Donna Richardson, CEC, ACC
Ready for coaching? Ask yourself these 5 questions
Updated: Mar 2, 2021
When I started working with my coach several years ago, I wasn’t sure what to expect. Having been faced with some work related challenges, a friend asked me a life-changing question, “Have you considered getting a coach?”
I must have been “ready.” I made the commitment to work with my coach, dug deep to learn how to overcome those challenges, and enhanced my effectiveness as a leader.
The reasons for engaging—or not engaging—a coach really rest with the person making the decision.
5 reasons not to work with a leadership coach
In a recent Forbes article entitled 5 Compelling Reasons Not To Hire An Executive Coach, author Dede Henley presents the argument that coaching is not for everyone and outlines reasons why:
1. Someone told you to - If this is the case, you might not be in the mindset to give what you need in order to get the most out of coaching.
2. Makes you look good – In some circles, coaching is thought to be a perk for high performers or senior leaders and executives. But, just having a coach isn’t going to result in your growth without effort and commitment.
3. Makes you look bad – For some individuals, tapping into external supportive resources—such as a coach—might be seen as sign of weakness, rather than strength.
4. You just want to vent – While many of us may find ourselves needing to vent once in a while, coaching is more about shifting mindsets, removing barriers, and moving forward as our best selves.
5. No time for personal or organizational change – Simply put, if there is no time time your schedule to create positive change, there is no time for coaching.
5 questions that help you decide if you're ready for coaching
Now that you know some of the reasons why coaching might not be for you right now, let’s look at some of the questions that might help you decide if you are ready for coaching.
1. What do you believe about your potential to grow, learn and develop and that this potential is not limited by intelligence? Believing that you have the potential to grown, learn and develop—and that this potential is not limited by your intelligence—is known as having a growth mindset. This is an indicator that you show a “readiness” for coaching. It may sound straightforward, but not everyone operates from a growth mindset. Some people have a fixed mindset, believing that intelligence is static and not much can be done to change or improve it. Do you believe in your potential to grown, learn and develop?
2. What are you willing to try in order to overcome obstacles, get out of a rut, become unstuck, take on new challenges, or achieve greater results? According to Marshall Goldsmith, world-renowned executive coach and author, what got you here won’t get you there. The beliefs, attitudes, habits and practices that have helped us achieve success can end up being the same ones that can hold us back, cause us to feel stuck, and prevent us from living up to our potential.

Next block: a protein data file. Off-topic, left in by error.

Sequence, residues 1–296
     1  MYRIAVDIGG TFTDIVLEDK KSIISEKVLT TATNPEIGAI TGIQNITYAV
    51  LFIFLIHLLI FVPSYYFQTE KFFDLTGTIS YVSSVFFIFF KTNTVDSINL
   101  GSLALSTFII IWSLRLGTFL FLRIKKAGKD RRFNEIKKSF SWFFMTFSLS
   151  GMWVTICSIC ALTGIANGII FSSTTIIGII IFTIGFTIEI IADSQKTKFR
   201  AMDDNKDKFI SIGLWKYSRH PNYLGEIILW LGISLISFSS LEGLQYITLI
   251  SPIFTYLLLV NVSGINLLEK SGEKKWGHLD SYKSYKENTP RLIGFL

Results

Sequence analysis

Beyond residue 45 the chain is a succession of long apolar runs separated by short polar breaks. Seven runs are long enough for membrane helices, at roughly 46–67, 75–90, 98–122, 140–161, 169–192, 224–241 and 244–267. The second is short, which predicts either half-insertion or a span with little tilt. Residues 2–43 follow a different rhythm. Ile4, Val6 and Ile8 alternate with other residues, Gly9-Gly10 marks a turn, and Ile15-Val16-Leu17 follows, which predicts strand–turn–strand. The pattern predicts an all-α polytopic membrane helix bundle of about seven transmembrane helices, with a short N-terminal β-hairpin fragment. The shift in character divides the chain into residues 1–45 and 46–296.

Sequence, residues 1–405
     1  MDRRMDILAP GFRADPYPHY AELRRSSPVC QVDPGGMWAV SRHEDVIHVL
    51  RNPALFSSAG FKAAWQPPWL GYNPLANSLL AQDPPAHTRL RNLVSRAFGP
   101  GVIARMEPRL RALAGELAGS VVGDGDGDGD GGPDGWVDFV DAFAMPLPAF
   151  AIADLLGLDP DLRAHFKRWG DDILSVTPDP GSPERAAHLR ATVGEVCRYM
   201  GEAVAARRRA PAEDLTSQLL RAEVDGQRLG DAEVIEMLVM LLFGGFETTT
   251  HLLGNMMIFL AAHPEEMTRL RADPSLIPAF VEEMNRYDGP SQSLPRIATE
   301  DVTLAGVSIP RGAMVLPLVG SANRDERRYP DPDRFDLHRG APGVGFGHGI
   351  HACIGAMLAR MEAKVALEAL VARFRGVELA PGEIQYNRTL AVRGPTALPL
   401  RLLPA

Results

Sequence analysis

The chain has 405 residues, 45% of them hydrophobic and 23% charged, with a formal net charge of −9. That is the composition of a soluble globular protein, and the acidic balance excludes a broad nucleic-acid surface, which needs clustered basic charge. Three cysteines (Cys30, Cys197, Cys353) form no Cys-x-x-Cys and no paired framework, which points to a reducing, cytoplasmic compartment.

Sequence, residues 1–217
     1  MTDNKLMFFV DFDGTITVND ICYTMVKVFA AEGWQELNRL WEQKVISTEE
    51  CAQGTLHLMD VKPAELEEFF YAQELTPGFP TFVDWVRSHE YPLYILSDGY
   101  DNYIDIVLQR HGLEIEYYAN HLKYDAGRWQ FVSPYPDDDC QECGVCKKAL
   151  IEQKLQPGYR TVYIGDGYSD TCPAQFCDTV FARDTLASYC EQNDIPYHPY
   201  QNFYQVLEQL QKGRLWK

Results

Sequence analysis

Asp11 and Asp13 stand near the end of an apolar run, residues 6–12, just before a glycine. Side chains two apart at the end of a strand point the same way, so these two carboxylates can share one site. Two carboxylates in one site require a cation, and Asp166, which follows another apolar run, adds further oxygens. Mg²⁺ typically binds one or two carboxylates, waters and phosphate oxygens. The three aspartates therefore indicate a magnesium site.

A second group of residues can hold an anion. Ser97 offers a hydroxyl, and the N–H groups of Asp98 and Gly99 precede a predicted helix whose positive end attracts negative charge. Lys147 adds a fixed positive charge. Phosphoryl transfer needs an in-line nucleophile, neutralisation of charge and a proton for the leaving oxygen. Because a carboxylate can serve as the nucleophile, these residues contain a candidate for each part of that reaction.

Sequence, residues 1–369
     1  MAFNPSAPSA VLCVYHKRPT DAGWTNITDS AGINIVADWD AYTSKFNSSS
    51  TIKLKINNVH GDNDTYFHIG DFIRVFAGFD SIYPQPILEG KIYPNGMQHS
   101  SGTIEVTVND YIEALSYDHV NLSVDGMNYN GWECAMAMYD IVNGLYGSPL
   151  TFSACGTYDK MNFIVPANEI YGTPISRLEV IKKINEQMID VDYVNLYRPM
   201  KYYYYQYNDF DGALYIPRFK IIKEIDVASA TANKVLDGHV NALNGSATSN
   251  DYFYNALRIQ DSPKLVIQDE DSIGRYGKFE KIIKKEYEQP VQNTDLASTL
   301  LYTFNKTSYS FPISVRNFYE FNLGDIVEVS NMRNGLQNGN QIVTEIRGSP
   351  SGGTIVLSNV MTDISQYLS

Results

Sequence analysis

Are you willing to try new ways of thinking, doing and being in order to move forward in your life and career?
3. How would your life look different if you invested your time, energy and financial resources into addressing the challenges, changes and opportunities in front of you? Depending on what you and your coach agree to, you might meet weekly or bi-weekly for three months, six months or longer. Is this a commitment you can and want to make? Digging deep to learn more about what type of leader you are and what may need to change in order for you to achieve your dreams takes energy and effort. As one of my clients described it, “Coaching is like yoga for the brain.”
Coaching is an investment in you as a leader. But, it’s also an investment in you as a person, often challenging you to live, work and play in greater alignment with your purpose and values.
What investment in yourself are you willing to make?
4. How might a little pain (or discomfort) make a difference in you as a leader? Stepping outside our comfort zone is, well, uncomfortable. It can feel a bit “scratchy.” But, it’s the discomfort that contributes to our learning and growth. David Rock, director of the NeuroLeadership Institute, explains that our brains are constantly relying on hardwired neural pathways for repetitive tasks, in order to free up our working memory for higher-level tasks. Growth is only possible with change and, whether we’re shifting our thinking or learning new ways to do something, change takes more effort as our brains lay down new neural pathways. Are you willing to get a bit uncomfortable?
5. What is it about coaching that feels right to you? Coaching, mentoring, counseling and consulting. Sometimes there is confusion about the differences between them. The International Coaching Federation defines coaching “as partnering with clients in a thought-provoking and creative process that inspires them to maximize their personal and professional potential.” I believe my clients have the answers within. As a coach, I support them through a journey of discovery, goal setting and action to unearth, develop and maximize their personal and professional potential. Are you ready for a partnership where you will leave each conversation feeling seen, heard and understood?
When I connected with my coach a few years ago, I had no idea that we’d be such a good fit and that the experience would be life changing. If you answered “yes” to the questions above, then you’ve “checked the boxes” and you may be ready for an experience that could transform your life.
The next step is to find a coach that will be a great fit for you. If you want to learn more, let's talk.
5 Compelling Reasons Not To Hire An Executive Coach
Exploring Clients’ Readiness for Coaching
Why Feeling Uncomfortable Is The Key To Success